The truss to shear wall connection is one of the most important links in the lateral force load path, but that extra heel height makes the connection a challenge.
When the wind howls or the earth shakes, roofs and walls must work together or the entire building can fold like a paperback novel. That’s because roofs are horizontal diaphragms that distribute lateral (wind and seismic) loads to walls, which, in turn, transfer them to the foundation.
When a structural failure occurs it’s usually a connection coming apart rather than the rupture of a beam, column, or other structural element. With stick-framed construction, the two most notorious connection failures are the roof to wall, and the floor to foundation.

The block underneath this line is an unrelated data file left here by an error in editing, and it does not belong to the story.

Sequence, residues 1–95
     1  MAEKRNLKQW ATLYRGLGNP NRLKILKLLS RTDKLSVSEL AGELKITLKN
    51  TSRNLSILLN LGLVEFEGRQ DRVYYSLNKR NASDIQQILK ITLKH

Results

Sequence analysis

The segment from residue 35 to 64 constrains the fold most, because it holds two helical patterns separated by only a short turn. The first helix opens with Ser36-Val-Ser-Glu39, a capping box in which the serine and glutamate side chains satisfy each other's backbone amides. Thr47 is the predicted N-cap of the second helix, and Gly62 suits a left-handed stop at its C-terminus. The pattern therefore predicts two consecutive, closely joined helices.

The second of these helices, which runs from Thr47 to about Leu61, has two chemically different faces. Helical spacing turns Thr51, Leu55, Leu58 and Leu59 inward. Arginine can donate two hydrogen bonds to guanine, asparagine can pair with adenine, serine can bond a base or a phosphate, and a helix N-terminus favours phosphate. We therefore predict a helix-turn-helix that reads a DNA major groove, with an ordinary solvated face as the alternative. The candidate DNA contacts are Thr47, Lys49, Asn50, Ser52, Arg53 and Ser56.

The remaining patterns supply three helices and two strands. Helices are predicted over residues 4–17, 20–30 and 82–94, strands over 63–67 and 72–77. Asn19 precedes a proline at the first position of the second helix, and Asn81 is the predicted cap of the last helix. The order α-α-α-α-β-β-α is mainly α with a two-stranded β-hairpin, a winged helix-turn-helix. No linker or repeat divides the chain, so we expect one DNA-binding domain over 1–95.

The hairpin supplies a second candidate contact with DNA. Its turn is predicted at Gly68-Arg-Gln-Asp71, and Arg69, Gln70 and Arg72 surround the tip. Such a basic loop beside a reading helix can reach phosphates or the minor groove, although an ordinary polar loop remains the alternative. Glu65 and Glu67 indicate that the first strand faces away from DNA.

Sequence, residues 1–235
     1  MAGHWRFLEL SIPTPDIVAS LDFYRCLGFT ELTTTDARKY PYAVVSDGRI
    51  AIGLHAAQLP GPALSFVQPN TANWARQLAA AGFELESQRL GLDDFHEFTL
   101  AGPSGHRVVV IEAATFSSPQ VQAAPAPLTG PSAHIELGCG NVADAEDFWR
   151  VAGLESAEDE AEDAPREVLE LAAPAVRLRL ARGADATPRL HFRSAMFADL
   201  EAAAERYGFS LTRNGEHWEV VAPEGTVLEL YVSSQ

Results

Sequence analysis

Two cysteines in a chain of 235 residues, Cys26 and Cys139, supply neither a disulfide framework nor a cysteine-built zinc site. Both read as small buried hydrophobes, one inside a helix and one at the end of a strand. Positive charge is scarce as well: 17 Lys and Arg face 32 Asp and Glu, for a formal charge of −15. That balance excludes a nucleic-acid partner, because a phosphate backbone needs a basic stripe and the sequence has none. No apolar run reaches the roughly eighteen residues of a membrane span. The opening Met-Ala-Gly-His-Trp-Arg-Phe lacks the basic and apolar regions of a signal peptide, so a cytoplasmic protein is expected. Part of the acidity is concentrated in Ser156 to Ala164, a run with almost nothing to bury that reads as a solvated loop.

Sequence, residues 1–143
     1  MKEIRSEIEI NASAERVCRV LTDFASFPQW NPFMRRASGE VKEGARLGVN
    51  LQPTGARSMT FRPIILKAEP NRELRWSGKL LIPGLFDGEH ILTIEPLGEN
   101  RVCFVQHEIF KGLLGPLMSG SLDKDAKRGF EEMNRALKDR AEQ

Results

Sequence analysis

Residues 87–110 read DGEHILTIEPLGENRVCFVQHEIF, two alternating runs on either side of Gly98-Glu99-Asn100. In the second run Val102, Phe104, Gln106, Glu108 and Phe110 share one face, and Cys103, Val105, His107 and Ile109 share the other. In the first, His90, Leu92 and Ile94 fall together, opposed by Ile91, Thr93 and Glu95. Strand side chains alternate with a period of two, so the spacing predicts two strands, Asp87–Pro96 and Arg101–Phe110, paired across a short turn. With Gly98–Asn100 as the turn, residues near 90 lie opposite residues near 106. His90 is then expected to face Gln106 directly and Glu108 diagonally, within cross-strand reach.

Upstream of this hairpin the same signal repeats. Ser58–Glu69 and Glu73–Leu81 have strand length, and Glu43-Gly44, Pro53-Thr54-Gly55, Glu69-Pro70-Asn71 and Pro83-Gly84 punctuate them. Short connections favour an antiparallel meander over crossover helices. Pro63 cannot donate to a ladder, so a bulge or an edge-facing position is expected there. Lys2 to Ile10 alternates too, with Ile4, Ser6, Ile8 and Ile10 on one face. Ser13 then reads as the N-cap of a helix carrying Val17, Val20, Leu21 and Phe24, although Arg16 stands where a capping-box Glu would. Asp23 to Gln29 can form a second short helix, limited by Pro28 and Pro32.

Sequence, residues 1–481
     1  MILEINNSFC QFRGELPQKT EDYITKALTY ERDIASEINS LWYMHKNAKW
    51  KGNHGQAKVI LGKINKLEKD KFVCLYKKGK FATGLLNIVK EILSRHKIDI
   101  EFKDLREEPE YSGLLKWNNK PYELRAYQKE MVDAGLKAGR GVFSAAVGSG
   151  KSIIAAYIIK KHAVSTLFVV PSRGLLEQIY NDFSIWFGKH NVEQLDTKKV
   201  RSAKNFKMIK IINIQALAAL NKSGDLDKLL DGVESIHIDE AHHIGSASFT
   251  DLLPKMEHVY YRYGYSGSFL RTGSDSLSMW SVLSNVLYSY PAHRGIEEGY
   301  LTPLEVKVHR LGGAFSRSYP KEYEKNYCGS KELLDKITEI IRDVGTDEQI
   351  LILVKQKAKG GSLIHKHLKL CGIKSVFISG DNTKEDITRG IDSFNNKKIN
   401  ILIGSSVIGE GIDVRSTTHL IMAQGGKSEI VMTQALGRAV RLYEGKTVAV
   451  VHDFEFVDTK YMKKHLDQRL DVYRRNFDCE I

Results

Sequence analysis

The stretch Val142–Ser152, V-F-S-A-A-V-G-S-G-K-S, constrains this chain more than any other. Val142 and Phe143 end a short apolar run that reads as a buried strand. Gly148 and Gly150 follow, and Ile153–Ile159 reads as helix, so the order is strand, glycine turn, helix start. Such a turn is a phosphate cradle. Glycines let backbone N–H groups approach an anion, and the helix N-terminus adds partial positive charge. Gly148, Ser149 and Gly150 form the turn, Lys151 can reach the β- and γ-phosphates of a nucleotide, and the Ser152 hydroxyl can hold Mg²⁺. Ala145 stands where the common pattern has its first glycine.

Building codes are thorough at describing the forces involved but sketchy at best when it comes to detailing it all out. Here are three methods to ensure positive load transfer at a tall heel truss.
Tim Garrison, P.E., The Builder's Engineer